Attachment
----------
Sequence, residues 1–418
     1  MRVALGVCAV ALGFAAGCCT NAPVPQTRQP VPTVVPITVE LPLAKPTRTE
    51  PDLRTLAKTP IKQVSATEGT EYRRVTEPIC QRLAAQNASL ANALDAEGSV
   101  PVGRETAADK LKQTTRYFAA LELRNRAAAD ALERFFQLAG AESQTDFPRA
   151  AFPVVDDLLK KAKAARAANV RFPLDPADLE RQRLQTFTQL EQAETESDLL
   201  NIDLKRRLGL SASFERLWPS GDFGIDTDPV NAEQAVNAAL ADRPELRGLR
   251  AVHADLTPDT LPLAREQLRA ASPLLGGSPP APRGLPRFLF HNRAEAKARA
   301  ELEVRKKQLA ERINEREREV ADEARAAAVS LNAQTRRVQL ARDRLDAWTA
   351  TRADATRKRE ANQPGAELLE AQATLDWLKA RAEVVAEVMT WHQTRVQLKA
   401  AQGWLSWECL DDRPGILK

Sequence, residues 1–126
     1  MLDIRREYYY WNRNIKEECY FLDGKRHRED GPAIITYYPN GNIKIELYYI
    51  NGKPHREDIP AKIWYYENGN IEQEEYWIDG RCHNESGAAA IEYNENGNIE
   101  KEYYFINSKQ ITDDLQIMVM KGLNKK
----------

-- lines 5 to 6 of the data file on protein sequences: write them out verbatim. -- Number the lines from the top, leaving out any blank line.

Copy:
   151  AFPVVDDLLK KAKAARAANV RFPLDPADLE RQRLQTFTQL EQAETESDLL
   201  NIDLKRRLGL SASFERLWPS GDFGIDTDPV NAEQAVNAAL ADRPELRGLR